Article 50, Brexit, British Government, Referendum, Single Market, Theresa May

Après Honda, Le #Brexit Deluge?

This blog was written on Feb 19, 2019
A section from a pro-brexit referendum leaflet – it has not aged well…

I suppose that the modern equivalent of the old phrase “O that mine enemy would write a book” would roughly translate as “Just let them go ahead and Tweet that”.

For, despite the “right to be forgotten,” our tweets have a habit of following us around. Even if you delete them, someone, somewhere has them. As Terry Benedict might have said in Ocean’s 11 “On Twitter, someone is always watching”.

Sure enough, Monday last, the day the news broke that Honda intends to shutter its Swindon plant with the loss of 3,500 direct jobs, and thousands of indirect jobs, someone dug up this old, 2015 Tweet from Daniel Hannan, one of the original Brexiteers:

That idea that car manufacturers might disinvest after we leave the EU? It’s a – what’s the word? – oh yes. Lie.

That doesn’t seem to have aged well. Nissan, Ford, Jaguar Land Rover (JLR) have all announced production switches or cutbacks. Now Honda.

Of course, Brexiteers were quick to say that Honda’s decision had nothing to do with Brexit. It was global trends in the motor industry, the falling demand for diesel cars. Maybe the EU/Japan free trade agreement which will see the elimination of tariffs on cars imported from Japan phased out over the next few years had something to do with it.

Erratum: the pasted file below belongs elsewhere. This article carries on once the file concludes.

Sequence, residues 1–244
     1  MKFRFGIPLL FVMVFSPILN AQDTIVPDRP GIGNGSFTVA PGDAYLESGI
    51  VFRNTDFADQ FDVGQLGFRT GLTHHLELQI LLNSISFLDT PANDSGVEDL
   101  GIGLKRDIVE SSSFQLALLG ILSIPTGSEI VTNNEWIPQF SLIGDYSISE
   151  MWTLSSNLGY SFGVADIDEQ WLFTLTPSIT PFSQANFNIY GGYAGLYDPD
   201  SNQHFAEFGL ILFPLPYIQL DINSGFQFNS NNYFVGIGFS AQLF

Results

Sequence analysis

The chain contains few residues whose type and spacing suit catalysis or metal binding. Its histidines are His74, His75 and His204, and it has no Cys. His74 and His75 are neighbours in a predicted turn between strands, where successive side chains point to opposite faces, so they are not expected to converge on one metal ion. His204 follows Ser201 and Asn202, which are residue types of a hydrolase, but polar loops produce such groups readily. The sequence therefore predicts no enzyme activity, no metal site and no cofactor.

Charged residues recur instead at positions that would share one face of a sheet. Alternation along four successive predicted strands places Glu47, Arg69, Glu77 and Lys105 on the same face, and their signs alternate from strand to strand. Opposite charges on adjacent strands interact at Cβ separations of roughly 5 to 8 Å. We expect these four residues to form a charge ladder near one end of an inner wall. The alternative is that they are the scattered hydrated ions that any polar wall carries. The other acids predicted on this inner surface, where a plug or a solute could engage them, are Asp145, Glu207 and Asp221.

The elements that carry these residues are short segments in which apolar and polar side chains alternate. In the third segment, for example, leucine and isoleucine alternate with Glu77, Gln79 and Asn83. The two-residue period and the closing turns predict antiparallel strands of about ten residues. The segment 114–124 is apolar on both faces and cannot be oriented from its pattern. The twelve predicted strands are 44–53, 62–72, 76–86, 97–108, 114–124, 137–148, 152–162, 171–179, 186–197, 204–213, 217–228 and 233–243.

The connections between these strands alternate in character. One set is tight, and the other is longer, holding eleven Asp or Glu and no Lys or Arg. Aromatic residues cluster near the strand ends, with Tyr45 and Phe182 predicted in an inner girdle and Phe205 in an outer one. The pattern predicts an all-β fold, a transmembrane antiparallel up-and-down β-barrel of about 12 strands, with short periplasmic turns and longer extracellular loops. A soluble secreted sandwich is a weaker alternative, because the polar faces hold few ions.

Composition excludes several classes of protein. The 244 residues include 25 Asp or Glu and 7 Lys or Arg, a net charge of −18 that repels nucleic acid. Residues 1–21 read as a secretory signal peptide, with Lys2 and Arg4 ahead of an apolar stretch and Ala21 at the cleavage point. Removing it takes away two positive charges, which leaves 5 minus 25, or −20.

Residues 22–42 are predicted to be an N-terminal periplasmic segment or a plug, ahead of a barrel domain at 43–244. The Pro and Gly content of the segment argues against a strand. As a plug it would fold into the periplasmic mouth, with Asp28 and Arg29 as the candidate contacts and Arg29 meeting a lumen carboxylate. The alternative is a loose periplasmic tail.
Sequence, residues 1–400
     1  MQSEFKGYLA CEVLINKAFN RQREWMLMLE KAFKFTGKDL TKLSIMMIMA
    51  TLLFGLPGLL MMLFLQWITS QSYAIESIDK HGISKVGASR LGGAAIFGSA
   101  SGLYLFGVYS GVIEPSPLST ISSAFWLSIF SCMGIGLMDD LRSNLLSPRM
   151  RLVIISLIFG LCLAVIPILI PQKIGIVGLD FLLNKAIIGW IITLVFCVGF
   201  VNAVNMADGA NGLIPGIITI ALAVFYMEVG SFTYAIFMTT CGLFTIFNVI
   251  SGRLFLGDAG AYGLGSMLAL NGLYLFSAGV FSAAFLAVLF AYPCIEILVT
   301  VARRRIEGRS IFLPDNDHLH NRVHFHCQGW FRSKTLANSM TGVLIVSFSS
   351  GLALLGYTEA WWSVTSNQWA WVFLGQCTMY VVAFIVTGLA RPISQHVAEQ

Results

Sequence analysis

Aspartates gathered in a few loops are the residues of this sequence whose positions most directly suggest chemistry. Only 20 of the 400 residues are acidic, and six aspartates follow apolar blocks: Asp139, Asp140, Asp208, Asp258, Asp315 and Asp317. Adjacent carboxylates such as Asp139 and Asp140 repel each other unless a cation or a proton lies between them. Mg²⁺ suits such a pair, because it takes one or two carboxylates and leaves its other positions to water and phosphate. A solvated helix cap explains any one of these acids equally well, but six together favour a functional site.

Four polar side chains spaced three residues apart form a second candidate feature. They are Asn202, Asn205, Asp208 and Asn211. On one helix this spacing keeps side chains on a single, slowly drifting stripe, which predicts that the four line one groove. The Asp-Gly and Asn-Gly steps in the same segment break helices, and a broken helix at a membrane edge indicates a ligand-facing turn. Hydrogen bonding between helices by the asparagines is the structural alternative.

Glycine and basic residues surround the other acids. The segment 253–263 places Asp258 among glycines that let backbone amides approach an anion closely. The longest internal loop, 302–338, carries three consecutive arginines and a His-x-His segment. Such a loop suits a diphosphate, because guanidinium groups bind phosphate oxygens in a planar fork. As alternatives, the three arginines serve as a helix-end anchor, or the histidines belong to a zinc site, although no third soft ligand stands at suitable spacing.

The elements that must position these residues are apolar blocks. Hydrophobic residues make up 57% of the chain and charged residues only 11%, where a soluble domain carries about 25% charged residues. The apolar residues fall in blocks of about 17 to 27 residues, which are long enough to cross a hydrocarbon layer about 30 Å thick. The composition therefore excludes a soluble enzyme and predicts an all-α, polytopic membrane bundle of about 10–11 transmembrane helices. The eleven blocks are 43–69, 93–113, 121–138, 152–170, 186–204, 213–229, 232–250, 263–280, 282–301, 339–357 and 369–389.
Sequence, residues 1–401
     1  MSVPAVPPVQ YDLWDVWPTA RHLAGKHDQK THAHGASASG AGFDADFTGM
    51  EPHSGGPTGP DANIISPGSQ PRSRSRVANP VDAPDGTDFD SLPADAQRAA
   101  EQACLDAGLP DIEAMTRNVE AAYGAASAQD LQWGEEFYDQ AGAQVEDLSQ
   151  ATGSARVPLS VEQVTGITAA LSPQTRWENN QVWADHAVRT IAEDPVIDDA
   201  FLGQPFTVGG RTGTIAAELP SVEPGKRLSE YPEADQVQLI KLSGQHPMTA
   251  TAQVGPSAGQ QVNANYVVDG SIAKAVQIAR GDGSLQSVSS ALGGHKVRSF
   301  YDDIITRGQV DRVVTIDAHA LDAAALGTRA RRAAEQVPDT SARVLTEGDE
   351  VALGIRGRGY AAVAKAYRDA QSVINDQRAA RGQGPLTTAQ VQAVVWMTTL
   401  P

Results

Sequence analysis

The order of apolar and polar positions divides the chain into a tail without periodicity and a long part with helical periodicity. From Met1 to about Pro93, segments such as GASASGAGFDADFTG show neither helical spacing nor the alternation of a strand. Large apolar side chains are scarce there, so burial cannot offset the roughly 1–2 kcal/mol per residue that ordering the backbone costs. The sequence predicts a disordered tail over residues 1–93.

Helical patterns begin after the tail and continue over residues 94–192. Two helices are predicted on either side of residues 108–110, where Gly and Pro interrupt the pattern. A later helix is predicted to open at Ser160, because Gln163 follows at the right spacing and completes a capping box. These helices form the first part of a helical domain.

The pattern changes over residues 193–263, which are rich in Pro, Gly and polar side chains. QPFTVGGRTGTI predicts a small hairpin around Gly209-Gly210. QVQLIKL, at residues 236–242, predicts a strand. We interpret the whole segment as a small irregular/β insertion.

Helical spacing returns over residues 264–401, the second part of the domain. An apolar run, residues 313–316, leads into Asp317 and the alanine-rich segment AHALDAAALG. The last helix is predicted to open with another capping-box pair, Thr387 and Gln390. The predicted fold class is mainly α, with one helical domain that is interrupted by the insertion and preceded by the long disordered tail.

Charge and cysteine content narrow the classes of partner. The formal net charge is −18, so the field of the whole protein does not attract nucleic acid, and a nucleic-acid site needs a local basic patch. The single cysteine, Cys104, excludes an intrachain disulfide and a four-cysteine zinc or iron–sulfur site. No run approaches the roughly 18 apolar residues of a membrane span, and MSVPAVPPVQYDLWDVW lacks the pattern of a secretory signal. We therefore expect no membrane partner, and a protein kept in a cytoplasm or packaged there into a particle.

But blaming the closure of Honda on a free trade agreement is difficult for Brexiteers. Because, apart from the ending of the free movement of people between the EU and the UK, the overarching justification for Brexit now appears to be that it would allow the UK to cut its own trade deals. Free from the dead hand of the EU the UK would be able to do such deals faster and more nimbly than the EU. Isn’t that why they object to the Irish backstop? Because, they allege, it would keep the UK “trapped” in a customs union with the EU and prevent it from doing all those swashbuckling deals.

So, if Brexiteers try to blame the Honda closure on the EU/Japan FTA they set themselves up to be asked by UK voters: “Well, if that’s the case, why are you pushing to leave the EU to do our own trade deals? Would we not be better off leaving the EU so we don’t have to be involved in trade deals at all?” (See this Twitter thread from the Financial Times Tokyo bureau chief Robin Harding here)

The Brexit coalitions was always an uneasy mix of “Left Behind Leavers” and what might be described as “Bollinger Brexiteers.” The former, the Left Behind, are to be found in the UK Midlands and in the North. They are mainly working class, often Labour voters, who believe that “globalization” has crushed their life chances and the life chances of their children. They would like to see a “drawbridge economy” put in place, one that keeps the jobs in and people out. If they were Americans, they would probably identity as MAGA.

The comfortable Home Counties is where you find the “Bollinger Brexiteers”. As Roland Smith, a fellow with the Adam Smith Institute, noted on Twitter, such people…

[live]… in c.£750k – £5m+ houses in the leafy commuter belt around London and in similar places across the country. Second, the demographic can be cast as: over-40, mostly Conservative-voting, financially secure beneficiaries of capitalism and globalisation… they are the kind of people prepared to “roll the dice” in pursuit of change… they are risk takers/disrupters… They believe they’ll be fine, come what may. That change always brings opportunities, which they feel adept at ‘riding’.

Oh, and they dislike the EU as well because it is the EU. However, for want of a maid or a gardener, they have no real issue with freedom of movement.

A big move like Honda cracks this coalition.